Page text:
Tuesday, September 17, 2013

Afghanistan: Head of UN Women condemns intimidation, targeted killings of female Afghan officials

UN Women Executive Director Phumzile Mlambo-Ngcuka. Photo: UN Women

UN - 16 September 2013 – The head of the United Nations body tasked with promoting women’s rights today condemned the intimidation and targeted killings of female Afghan officials and called for bringing the perpetrators to justice.

The latest victim is the top woman police officer in the southern province of Helmand, 38-year-old Sub-Inspector Negar, who died today of bullet wounds from an insurgent attack that occurred on Sunday. She took up her post in July when her predecessor, Islam Bibi, was shot by unknown gunmen.

“Violence against women in Afghanistan is pervasive and increasing,” Phumzile Mlambo-Ngcuka, the Executive Director of the UN Entity for Gender Equality and Empowerment of Women (UN Women), said in a statement.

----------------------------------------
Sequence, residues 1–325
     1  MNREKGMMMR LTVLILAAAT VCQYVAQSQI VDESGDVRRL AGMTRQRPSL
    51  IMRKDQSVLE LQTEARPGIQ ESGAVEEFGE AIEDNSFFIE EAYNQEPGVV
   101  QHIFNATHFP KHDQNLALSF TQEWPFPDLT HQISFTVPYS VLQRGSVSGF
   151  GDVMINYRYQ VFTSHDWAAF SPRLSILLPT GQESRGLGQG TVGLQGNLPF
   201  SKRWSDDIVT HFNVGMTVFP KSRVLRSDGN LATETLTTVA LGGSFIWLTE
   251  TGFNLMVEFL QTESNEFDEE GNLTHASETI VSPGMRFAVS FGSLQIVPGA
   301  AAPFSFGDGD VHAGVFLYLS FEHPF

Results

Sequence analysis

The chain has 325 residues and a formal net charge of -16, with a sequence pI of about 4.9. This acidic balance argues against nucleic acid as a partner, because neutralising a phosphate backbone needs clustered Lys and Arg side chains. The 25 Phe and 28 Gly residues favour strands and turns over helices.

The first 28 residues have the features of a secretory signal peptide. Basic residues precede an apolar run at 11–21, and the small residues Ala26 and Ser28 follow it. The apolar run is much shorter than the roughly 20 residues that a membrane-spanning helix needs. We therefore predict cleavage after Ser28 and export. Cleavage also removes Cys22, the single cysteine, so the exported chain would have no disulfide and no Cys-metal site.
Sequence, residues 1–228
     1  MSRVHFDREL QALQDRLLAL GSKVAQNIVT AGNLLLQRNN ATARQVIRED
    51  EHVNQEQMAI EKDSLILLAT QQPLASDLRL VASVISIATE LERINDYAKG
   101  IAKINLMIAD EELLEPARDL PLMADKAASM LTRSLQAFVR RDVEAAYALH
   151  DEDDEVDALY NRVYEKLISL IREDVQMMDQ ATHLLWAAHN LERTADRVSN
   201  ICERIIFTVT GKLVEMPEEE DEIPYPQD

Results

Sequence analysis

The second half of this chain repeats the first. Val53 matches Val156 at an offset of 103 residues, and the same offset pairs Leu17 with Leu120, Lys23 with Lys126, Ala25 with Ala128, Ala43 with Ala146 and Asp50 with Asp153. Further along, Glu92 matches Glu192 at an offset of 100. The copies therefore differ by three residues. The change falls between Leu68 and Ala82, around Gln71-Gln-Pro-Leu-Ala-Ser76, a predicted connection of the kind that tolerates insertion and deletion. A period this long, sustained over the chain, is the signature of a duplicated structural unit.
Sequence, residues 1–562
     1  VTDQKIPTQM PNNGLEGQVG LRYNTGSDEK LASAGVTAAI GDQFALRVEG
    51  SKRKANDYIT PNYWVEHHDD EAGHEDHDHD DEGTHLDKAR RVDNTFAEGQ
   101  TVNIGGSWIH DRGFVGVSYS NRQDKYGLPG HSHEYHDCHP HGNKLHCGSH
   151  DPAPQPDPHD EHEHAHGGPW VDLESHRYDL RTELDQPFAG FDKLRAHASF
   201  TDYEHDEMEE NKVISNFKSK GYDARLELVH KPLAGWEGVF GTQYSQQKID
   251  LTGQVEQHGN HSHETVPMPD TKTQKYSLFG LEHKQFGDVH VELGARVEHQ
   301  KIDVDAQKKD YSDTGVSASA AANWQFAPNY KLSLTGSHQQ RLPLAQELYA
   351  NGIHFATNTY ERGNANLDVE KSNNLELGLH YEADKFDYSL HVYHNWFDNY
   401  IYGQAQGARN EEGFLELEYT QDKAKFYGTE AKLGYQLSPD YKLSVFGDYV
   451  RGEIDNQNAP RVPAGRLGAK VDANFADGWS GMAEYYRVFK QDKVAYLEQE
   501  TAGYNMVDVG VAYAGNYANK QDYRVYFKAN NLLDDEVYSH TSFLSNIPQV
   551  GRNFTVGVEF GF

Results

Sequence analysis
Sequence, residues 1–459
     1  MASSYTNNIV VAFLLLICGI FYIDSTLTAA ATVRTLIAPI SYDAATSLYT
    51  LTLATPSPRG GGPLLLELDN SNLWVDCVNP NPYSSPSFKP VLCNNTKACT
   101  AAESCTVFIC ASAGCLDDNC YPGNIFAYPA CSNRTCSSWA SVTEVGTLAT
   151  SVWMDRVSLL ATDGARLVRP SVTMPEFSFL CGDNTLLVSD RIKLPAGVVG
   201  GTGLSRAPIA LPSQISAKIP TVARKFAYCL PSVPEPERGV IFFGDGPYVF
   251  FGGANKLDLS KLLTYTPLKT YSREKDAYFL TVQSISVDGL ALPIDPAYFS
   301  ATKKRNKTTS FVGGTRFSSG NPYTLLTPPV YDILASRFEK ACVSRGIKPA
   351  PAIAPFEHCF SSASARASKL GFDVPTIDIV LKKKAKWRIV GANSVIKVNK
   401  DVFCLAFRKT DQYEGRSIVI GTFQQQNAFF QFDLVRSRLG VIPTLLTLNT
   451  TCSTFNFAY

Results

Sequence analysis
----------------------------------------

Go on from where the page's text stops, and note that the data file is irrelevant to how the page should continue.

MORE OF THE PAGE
“Recent cases of targeted killings point to the urgent need to guarantee women’s and girls’ rights as the Government of Afghanistan prepares for a full takeover from international forces and moves towards provincial and parliamentary elections,” she stated.

“The empowerment of women and realization of their rights,” she added, “are fundamental to the reconstruction of Afghanistan so that women and men can take responsibility for the future development of their country.”

UN Women noted that Afghanistan has witnessed several cases of intimidation, abduction and targeted killings of women government officials and public figures in recent weeks and months.

Earlier this month, Sushmita Banerjee, a writer and activist from India married to an Afghan businessman, was killed outside her home in Paktika province. In August, Friba Kakar, a woman parliamentarian was kidnapped and freed several weeks later in exchange for detained militants, according to the media.

In addition, two consecutive heads of the Department of Women’s Affairs in Laghman province were killed last year. In 2008, gunmen killed Lieutenant-Colonel Malalai Kakar, the country’s most prominent policewoman and head of Kandahar’s department of crimes against women.

“Afghan women’s rights to safety and security have to be ensured, and the survivors of violence supported and perpetrators brought to justice,” stressed Ms. Mlambo-Ngcuka, who called on the Afghan Government to fast-track the investigation and prosecution of perpetrators in targeted killing cases.